5. Prayer and its cultivation require us to be honest: about what we desire, what we can do, what we actually do or have done, what we can’t do or think. The only requirement is a positive response to the great, simple invitation that Christ has issued: Follow me. Come and see. Walk in the Light, which is perilous, unpredictable, and streams with utter reliability from a source of love and truth. To love God with all our faculties is our only commandment, which is inseparable from loving others. Find out what this might mean.

6. Try these on, and see how you respond — and think it possible your answer needs further inquiry:

Prayer for me is:

heightened attention
a test

often or always interrupted

inward research

a way to see others

a habit


a way to remember joy



a goal hard to come at



  1. Prayer and the community, part 1. We often do not know if people in our meeting (or even our family) have any kind of prayer life, or what kind it is. It is hard to talk about; and then sometimes it is too easily discussed. It takes care and tenderness to speak from experience, with tenderness, and without posturing high or low. But it requires being, for the moment, available to simplicity.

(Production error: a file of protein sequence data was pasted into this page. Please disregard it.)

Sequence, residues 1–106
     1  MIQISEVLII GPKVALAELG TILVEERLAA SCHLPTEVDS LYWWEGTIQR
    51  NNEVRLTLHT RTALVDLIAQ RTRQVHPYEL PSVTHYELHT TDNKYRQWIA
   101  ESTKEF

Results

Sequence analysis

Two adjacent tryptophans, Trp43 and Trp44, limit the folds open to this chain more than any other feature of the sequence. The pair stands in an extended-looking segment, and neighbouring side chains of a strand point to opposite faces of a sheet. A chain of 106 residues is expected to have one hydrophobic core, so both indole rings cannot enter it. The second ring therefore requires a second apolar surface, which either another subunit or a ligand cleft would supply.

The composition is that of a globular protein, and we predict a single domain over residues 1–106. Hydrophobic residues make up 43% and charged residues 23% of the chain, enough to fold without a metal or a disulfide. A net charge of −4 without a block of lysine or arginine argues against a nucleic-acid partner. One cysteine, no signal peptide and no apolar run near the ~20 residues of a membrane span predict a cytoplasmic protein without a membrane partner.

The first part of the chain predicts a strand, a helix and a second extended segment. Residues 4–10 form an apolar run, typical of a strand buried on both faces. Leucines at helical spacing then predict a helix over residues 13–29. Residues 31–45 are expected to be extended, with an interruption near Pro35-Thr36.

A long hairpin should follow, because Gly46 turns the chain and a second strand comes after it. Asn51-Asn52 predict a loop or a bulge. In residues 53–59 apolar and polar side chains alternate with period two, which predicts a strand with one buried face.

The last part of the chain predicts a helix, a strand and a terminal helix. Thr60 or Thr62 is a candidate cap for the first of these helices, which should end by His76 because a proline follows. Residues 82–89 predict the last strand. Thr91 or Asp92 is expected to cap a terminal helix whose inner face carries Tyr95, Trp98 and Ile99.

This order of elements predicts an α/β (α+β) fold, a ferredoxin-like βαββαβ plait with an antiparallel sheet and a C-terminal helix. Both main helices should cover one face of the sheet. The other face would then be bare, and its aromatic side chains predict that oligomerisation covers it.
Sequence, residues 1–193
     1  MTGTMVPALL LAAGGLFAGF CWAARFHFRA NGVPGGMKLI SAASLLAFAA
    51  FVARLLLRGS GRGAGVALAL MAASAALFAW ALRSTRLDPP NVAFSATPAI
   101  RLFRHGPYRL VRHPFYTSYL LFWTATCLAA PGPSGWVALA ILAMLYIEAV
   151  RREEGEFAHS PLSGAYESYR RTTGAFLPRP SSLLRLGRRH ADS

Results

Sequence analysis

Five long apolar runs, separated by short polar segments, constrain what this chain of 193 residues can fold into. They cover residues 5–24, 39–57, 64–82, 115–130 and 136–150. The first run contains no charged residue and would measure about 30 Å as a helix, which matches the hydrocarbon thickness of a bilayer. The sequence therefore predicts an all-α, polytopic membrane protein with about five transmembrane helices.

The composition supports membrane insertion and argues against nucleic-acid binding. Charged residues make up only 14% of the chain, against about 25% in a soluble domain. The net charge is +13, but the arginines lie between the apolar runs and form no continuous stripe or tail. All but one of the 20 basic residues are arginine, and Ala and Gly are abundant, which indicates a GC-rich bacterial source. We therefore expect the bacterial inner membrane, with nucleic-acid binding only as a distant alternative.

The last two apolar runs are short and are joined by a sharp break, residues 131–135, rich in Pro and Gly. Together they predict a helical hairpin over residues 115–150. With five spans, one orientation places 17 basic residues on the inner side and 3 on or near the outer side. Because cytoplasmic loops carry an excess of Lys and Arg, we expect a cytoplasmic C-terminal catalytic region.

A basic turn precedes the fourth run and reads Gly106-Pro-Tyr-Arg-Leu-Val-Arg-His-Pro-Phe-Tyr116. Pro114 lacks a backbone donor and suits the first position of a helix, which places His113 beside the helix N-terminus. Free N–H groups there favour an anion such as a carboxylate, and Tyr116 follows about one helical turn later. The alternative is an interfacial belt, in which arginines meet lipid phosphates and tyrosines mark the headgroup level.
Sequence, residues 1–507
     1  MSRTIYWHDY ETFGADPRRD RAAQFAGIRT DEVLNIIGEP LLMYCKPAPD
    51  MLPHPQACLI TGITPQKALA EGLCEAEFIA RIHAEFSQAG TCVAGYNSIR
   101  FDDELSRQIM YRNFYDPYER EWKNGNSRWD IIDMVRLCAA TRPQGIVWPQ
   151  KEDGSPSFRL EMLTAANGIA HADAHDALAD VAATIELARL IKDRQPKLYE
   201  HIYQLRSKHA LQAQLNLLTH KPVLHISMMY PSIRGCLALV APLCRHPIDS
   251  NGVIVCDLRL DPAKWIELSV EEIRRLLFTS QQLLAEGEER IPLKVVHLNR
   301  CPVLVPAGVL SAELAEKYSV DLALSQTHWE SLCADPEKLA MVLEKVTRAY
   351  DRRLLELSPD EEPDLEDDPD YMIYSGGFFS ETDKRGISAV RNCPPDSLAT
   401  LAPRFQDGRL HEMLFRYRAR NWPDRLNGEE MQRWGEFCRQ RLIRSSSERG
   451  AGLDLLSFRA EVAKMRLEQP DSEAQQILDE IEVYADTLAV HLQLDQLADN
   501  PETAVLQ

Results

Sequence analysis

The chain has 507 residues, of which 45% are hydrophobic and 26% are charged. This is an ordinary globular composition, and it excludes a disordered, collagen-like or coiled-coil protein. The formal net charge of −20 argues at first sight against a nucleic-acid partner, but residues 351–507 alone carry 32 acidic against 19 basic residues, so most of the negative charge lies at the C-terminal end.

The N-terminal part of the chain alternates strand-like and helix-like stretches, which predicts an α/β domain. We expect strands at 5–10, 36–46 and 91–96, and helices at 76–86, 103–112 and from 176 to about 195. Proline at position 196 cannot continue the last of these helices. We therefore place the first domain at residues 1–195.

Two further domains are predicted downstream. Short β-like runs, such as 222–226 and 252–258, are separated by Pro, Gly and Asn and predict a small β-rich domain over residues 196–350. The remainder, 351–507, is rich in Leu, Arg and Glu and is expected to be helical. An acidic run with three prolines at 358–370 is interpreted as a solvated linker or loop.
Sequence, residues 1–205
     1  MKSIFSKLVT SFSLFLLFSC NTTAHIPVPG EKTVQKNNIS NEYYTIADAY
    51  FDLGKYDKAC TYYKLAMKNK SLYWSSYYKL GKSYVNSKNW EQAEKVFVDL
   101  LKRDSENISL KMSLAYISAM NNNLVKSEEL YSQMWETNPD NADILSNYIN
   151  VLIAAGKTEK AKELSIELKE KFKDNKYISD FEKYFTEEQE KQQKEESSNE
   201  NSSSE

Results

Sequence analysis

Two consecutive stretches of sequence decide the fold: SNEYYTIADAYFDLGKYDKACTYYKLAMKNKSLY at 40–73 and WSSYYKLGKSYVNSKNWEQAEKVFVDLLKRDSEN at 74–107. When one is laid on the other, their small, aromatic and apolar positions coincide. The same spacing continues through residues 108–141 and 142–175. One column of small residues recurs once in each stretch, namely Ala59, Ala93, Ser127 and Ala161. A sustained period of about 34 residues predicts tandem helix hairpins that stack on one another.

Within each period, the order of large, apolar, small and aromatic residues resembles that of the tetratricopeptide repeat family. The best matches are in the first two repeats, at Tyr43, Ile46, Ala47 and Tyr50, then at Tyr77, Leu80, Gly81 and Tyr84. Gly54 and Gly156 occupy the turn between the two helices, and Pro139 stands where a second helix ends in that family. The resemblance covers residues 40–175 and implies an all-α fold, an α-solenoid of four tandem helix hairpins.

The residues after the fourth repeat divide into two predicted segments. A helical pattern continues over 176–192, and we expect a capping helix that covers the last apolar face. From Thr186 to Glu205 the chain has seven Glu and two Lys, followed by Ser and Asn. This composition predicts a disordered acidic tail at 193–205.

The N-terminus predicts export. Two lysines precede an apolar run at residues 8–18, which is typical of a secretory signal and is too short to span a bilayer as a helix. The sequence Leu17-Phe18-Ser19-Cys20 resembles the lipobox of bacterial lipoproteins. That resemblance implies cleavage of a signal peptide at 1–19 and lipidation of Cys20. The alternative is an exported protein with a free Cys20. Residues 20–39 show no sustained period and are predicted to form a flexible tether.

2. Prayer and the community, part 2. Prayer is hard to talk about in community, we may feel reluctant, because the conversation may reveal surprising differences or doubts present within or among us. Then we need to remember that prayer works best in honesty and charity: speaking reverently and matter-of-factly about doubt, anger, confusion, or dryness brings these or any other issue in to the right atmosphere for response: holding it in the Light.
  3. Prayer and the community, part 3. How shall we get to the place where we can actually know ourselves to pray in within our community — secretely, or small groups together, or during worship, vocally and silently? We need patience, freedom from fear, mercy, kindness, and the spirit of forgiveness and forgivenness: so we always are in need of some transforming.
  4. Pray as you can, how you can. We are tool-using creatures, so we often need (or benefit from) external means to support inward experience. Recognizing these two truths, one sees that prayer can be scaffolded by many means, including words, but not confined to them. Work, music, location, visual cues, physical activity, sitting posture, words — all of these can help us move towards, or maintain, the inward work. Wordless contemplation, the sheer practice of the Presence, may not be the highest path, though for some it is the sweetest.